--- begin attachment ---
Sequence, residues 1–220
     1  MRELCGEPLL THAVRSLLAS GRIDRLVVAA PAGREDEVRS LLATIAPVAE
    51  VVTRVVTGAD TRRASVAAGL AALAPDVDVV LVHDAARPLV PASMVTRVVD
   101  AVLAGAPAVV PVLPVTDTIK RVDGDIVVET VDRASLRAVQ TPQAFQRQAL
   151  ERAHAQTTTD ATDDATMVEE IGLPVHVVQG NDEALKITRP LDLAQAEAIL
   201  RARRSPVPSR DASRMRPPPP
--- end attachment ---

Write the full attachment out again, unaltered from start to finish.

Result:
Sequence, residues 1–220
     1  MRELCGEPLL THAVRSLLAS GRIDRLVVAA PAGREDEVRS LLATIAPVAE
    51  VVTRVVTGAD TRRASVAAGL AALAPDVDVV LVHDAARPLV PASMVTRVVD
   101  AVLAGAPAVV PVLPVTDTIK RVDGDIVVET VDRASLRAVQ TPQAFQRQAL
   151  ERAHAQTTTD ATDDATMVEE IGLPVHVVQG NDEALKITRP LDLAQAEAIL
   201  RARRSPVPSR DASRMRPPPP